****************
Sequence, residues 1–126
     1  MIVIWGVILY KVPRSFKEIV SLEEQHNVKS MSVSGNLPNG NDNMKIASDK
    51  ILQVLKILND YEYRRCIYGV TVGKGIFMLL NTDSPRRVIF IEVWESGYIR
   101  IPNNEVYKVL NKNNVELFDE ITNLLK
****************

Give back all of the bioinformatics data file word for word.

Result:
Sequence, residues 1–126
     1  MIVIWGVILY KVPRSFKEIV SLEEQHNVKS MSVSGNLPNG NDNMKIASDK
    51  ILQVLKILND YEYRRCIYGV TVGKGIFMLL NTDSPRRVIF IEVWESGYIR
   101  IPNNEVYKVL NKNNVELFDE ITNLLK